Next: 3. Towards Gröbner Bases Up: 2. The Subgroup Problem Previous: 2.1 Nielsen Reduction

## 2.2 The Todd-Coxeter Coset Enumeration Procedure

The Todd-Coxeter coset enumeration (TC) is a famous method from combinatorial group theory for studying finitely presented groups (see e.g. [21,10,25] for detailed descriptions). It is based on the following fundamental observations: Presenting a group in terms of generators and relators R corresponds to viewing it as the quotient of the free group (generated by ) by the normal subgroup generated by R. can be viewed as the subgroup of generated by . Notice that if R is finite, , while finitely generated as a normal subgroup of , need not be finitely generated as a subgroup.

Now given a subgroup of for we can study the cosets of in . Since for either or the group is a disjoint union of cosets and the number of different cosets is called the index of in . We know that if is generated by a set the index of in is the same as the index of the subgroup generated by in . While it is undecidable whether a subgroup has finite index in a group, TC attempts to verify whether the index is finite.

In the following we will always assume that the group and the subgroup are finitely presented respectively generated, i.e. the sets , R and U are finite. Moreover, TC requires that each generator should occur in at least one relator. TC tries to compute the index of in using the following two facts for cosets: For we have and for and any coset , we have .

The procedure proceeds by filling two different kinds of tables with coset representatives, (one row) tables for the subgroup generators of the form

 x1 ... xk
and (possibly infinite row) tables for the relators of the form
 y1 ... ym
Depending on the strategy used for choosing the next slot in the tables different types of equations (called defining, bonus and collapse) are deduced. While most versions of TC simply use numbers to represent the cosets, it is possible to describe them using appropriate words as coset representatives. Then the deduced equations , where wi, wj are words representing cosets and , lead to word equations wia = wj or wi' = wj depending on whether the last letter of wi is a-1 or not. If or (i.e. the words of the left and right side are identical) the equations are called trivial. Otherwise they are ordered with respect to a well-founded ordering (in our case the length lexicographical ordering defined in the previous section) and used as a prefix string rewriting system (modulo free group reduction7) to simplify the existing equations. Of course such a simplification can lead to new rules and to a new simplification and so on. More details of this strategy can be found in [2,24]. We only list some of the properties and their interpretations here: If the index of in is finite the procedure halts and produces a prefix closed set of coset representatives and a multiplication table with entries for each coset w and each . The (unique) coset representative for any word in can be computed by tracing it through the multiplication table starting with or equivalently by using the multiplication table as a prefix string rewriting system as follows: To each coset w, each and the respective coset wa corresponding to , associate a rule8 which is either of the form or depending on whether the last letter of w is a-1.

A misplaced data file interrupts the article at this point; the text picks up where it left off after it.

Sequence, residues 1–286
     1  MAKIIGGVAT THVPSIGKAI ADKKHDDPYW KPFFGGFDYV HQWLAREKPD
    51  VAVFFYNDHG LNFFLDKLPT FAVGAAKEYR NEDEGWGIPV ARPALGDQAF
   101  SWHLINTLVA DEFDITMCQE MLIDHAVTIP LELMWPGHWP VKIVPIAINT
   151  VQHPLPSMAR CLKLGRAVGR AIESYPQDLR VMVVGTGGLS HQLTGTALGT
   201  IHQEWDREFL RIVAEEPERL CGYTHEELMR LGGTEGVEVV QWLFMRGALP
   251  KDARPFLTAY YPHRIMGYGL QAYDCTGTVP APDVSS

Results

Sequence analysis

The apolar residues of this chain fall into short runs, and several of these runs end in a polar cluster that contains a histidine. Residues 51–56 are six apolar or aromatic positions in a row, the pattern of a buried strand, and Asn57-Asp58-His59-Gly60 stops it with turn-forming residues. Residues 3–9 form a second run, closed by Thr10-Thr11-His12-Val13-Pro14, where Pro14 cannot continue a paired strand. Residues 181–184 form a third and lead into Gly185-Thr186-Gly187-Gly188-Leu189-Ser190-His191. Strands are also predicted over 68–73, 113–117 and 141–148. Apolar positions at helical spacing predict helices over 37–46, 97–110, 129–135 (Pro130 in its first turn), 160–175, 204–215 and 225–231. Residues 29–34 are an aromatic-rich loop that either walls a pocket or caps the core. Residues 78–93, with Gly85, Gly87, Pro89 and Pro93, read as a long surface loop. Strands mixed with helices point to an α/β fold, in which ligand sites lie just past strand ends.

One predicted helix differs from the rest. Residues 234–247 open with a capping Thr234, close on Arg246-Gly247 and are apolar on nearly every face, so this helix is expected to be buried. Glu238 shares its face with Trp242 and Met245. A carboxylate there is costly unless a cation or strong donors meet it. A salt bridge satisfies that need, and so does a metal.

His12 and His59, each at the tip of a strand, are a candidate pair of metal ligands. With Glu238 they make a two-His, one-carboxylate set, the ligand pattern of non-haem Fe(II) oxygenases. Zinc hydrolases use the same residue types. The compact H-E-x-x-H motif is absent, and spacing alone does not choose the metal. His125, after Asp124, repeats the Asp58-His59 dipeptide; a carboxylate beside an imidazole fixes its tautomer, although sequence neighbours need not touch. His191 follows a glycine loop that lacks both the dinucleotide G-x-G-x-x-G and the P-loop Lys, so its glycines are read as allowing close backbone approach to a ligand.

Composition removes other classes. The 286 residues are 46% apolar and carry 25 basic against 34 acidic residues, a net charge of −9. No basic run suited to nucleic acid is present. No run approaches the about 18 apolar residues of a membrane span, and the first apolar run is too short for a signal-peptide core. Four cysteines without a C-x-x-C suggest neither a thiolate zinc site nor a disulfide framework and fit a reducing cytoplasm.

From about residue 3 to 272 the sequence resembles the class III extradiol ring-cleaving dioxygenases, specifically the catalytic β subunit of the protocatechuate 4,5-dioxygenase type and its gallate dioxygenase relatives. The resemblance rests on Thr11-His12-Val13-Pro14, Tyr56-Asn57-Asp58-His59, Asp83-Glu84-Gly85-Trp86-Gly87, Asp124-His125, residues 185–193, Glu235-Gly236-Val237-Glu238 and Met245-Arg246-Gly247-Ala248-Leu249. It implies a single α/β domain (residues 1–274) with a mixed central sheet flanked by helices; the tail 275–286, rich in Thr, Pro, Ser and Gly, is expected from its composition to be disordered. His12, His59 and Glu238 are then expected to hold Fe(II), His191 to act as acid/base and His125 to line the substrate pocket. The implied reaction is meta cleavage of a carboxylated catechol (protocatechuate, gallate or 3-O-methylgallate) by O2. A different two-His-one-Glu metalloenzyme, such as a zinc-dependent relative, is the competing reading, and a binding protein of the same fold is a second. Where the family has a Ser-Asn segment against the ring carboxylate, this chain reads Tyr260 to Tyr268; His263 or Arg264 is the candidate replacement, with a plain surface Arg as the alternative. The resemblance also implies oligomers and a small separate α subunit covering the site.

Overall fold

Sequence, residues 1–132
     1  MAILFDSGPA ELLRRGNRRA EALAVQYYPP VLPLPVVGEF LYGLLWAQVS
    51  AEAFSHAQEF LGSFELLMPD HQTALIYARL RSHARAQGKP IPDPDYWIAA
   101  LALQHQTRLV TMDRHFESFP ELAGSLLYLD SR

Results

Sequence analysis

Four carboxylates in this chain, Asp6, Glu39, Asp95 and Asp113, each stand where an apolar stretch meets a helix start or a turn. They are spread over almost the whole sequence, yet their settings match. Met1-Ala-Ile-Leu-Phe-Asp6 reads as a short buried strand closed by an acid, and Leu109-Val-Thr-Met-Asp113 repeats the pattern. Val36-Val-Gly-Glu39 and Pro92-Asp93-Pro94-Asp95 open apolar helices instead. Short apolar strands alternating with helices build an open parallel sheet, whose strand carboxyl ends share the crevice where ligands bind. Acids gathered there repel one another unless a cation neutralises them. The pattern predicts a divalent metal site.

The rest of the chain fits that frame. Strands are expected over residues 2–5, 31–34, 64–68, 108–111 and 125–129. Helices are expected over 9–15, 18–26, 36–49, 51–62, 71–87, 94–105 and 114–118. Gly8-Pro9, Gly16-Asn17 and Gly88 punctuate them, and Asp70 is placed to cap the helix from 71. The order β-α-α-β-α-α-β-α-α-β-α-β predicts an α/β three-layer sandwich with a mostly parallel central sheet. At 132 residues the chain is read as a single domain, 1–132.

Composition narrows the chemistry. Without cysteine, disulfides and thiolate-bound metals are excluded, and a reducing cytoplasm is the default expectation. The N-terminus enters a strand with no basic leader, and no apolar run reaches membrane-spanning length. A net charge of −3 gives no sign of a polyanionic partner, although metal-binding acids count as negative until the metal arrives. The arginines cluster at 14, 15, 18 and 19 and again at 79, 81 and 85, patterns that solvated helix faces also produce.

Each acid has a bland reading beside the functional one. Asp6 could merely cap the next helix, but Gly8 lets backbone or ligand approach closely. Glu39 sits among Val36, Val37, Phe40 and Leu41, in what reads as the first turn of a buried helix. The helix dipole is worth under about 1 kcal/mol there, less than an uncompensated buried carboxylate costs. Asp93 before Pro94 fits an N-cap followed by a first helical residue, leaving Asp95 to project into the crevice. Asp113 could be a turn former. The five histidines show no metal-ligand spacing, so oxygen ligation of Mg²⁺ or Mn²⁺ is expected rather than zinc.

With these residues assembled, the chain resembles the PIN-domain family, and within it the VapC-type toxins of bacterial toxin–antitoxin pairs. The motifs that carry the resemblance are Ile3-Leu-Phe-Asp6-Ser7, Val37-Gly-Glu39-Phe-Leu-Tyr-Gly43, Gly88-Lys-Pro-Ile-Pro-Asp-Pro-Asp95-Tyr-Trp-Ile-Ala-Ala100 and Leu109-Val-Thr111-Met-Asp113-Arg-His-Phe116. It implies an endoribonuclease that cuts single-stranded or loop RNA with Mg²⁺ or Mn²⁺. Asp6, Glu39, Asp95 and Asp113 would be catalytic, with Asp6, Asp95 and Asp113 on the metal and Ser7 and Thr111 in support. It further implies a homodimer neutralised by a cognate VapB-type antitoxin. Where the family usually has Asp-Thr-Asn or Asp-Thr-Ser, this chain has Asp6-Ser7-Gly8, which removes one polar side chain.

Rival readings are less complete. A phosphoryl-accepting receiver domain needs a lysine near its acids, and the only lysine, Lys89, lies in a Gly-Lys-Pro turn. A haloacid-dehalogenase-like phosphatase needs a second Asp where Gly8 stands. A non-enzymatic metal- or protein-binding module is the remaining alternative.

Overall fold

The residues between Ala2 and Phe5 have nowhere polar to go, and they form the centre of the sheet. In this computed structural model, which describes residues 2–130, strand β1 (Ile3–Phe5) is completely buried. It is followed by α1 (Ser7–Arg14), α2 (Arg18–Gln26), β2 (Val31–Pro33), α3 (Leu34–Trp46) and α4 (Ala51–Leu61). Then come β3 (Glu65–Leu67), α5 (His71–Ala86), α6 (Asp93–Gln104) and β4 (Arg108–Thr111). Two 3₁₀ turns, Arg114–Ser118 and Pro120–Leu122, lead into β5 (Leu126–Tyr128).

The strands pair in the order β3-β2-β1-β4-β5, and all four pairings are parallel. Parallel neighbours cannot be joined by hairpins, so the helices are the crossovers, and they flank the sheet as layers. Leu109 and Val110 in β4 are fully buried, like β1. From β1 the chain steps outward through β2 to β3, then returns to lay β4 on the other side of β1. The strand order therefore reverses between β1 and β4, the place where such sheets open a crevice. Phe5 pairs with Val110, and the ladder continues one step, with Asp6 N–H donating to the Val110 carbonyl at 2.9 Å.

Let us illustrate these findings with an example from [10], page 71:

Example 4
Let be the Dyck group D(3,3,2) presented by and and the subgroup of generated by . The index of in is 4 and TC (using the length lexicographical ordering induced by ) computes the coset representatives , the multiplication table

 a b a-1 b-1 b b-1 b b-1 b-1 ba-1 b-1 ba-1 b b ba-1 b ba-1 b-1 ba-1

which corresponds to the prefix string rewriting system (omitting trivial rules) , , , , , , , , and .

The coset representative of the word aba can be deduced by either tracing the multiplication table: , and , or by prefix reduction: In both cases we find that aba lies in the coset represented by b-1 which is in fact the minimal representative of this coset.

Next: 3. Towards Gröbner Bases Up: 2. The Subgroup Problem Previous: 2.1 Nielsen Reduction
| ZCA Home | Reports |